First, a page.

Another critical factor in chuck design is hysteresis. This condition occurs when a chuck is being decelerated to a stop, or the spindle direction is rapidly reversed, a common practice in CNC turning. In this situation, jaw forces actually increase due to the inertia shift that occurs when direction is changed (similar to a person flying over the handle bars of a bicycle when it is brought to a sudden stop).
There are many factors, such as rotational mass of the chuck, weight of the top jaws, etc., that influence the amount of hysteresis generated. On the low-cost “giveaway” chucks that are supplied with many CNC lathes, hysteresis can run as high as 50% over the static gripping power. This can distort parts out of tolerance, or actually crush them in the case of thin-wall parts. When selecting a chuck, the amount of hysteresis is a key factor to be considered since it will influence the capability of the machine’s performance and the outcome of the parts.
The final evaluation of chuck performance is repeatability. The repeatability of a chuck is a measure of its ability to repeat the performance, either from job-to-job or from part-to-part. The industry acceptable standard for jaw chuck accuracy is approximately .001 inch. The majority of the chucks on the market today are built to these standards. There are some specialty chuck builders who can supply chucks with .00005 inch repeatability. However, these chucks are primarily light-duty, second operation chucks and cannot be considered as general purpose, main spindle CNC chucks.
Most models of Hardinge® SURE-GRIP® power chucks have an accuracy (T.I.R.) of .0005 inch and repeatability of .0005 inch—better than most other builders. This makes them ideal for close tolerance turning requirements. A major advantage of the SURE-GRIP power chuck is the configuration of the drawtube that actuates the chuck. The drawtube is configured exactly the same as the corresponding collet for each particular machine. Since Hardinge machines all have collet spindles that do not require a collet chuck or adaptor, it is a simple matter to remove the collet and quickly mount the 3-jaw SURE-GRIP power chuck when needed. The chuck’s drawtube threads directly into the machine’s collet closer, just as a collet. This changeover can be accomplished in ten minutes or less. Other designs can take hours.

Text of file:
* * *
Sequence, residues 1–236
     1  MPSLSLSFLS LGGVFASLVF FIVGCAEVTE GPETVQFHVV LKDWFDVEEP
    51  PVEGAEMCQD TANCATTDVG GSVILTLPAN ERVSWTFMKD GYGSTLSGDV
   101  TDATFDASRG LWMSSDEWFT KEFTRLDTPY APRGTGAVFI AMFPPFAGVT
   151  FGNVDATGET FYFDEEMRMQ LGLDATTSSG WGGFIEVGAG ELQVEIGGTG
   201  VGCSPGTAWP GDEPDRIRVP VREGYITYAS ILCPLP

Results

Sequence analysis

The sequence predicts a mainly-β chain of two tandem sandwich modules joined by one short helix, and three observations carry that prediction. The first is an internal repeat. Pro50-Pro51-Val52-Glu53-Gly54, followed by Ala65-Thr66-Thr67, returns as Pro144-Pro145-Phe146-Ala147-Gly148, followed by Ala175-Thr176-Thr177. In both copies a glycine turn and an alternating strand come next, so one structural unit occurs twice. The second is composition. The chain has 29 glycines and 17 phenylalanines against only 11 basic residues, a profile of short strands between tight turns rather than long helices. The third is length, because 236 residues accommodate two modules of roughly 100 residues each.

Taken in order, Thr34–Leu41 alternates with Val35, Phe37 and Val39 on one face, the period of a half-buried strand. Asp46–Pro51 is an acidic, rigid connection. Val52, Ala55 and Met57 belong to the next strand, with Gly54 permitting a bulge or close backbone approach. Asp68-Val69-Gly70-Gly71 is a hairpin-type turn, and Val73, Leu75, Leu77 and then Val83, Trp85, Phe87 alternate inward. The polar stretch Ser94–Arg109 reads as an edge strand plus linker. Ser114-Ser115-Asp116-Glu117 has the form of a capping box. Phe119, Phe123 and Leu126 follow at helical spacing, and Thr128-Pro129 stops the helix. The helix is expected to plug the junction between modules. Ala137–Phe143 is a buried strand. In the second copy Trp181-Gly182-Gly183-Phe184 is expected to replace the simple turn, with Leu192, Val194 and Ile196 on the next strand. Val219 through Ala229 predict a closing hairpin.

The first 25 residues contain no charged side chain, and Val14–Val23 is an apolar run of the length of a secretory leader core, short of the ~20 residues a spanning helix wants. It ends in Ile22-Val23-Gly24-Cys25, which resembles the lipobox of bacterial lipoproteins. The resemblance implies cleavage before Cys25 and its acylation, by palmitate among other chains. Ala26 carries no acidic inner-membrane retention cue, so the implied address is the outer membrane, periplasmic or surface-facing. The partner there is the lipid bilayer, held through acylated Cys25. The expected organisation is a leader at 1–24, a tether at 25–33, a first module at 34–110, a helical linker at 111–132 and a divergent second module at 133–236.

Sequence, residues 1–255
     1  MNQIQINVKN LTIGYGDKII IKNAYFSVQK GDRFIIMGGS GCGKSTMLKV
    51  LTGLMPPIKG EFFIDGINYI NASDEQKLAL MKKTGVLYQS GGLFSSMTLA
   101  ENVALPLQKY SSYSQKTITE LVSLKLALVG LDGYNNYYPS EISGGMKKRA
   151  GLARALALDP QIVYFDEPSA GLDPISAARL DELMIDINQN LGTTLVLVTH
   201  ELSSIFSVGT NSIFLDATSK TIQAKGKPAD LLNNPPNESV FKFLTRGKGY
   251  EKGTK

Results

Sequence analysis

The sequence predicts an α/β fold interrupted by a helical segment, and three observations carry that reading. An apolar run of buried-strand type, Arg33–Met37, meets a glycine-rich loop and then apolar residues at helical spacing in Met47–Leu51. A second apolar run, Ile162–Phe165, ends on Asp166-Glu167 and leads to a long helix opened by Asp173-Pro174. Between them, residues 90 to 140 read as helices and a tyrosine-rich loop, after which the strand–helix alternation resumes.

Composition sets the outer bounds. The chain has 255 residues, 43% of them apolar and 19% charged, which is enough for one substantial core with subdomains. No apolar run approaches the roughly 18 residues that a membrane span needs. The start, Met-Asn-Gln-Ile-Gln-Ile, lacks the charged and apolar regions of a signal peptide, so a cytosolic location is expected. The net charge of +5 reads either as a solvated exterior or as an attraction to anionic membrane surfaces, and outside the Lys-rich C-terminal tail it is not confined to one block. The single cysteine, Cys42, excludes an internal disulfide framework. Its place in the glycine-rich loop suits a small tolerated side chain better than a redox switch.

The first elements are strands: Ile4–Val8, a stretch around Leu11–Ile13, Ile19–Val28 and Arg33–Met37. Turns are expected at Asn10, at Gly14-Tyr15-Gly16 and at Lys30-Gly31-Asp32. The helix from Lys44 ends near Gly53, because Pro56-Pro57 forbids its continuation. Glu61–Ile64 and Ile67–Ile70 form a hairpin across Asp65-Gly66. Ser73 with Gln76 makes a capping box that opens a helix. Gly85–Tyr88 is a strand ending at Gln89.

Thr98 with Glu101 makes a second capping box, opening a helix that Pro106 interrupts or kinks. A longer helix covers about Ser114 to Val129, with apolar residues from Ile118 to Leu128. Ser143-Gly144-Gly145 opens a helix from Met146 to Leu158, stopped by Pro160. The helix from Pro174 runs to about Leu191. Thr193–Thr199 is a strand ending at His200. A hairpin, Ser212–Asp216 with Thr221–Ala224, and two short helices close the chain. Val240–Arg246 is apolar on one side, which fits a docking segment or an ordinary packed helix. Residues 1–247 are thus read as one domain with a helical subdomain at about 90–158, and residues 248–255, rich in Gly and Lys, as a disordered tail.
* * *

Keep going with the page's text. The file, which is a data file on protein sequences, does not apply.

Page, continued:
The quick-change ability between the collet and jaw chuck, as well as step chuck, Dead-Length® collets and internal expanding collet systems, makes the Hardinge spindle tooling system unique in the marketplace. Such versatility and accuracy are essential to meeting just-in-time (JIT) requirements and more precise accuracy requirements. The SURE-GRIP power chuck is also available for non-Hardinge lathes which do not have collet style spindles.
In terms of component life and efficient use of the lathe’s horsepower, it is apparent that the less desirable style of chuck design is a non-counterbalanced, wedge operated chuck. Unfortunately, this type of chuck is the cheapest to produce and is most often supplied as “standard equipment.” Considering the factors of component life and ability to utilize all of the machine’s power, the most desirable style of chuck would be a lever-operated, counterbalanced design. The SURE-GRIP power chuck is this type and one of the premiere chucks on the market today.
When comparing chucks, hysteresis must also be considered. SURE-GRIP power chucks incorporate design features that limit hysteresis to one of the lowest in the industry. In the past the primary advantage in purchasing a non-counterbalanced chuck was purchase price. The SURE-GRIP power chucks are priced below or close to the price of wedge style chucks, and have many advantages to the user.
For more information on lever-operated, counterbalanced power chucks phone Hardinge at 800-843-8801.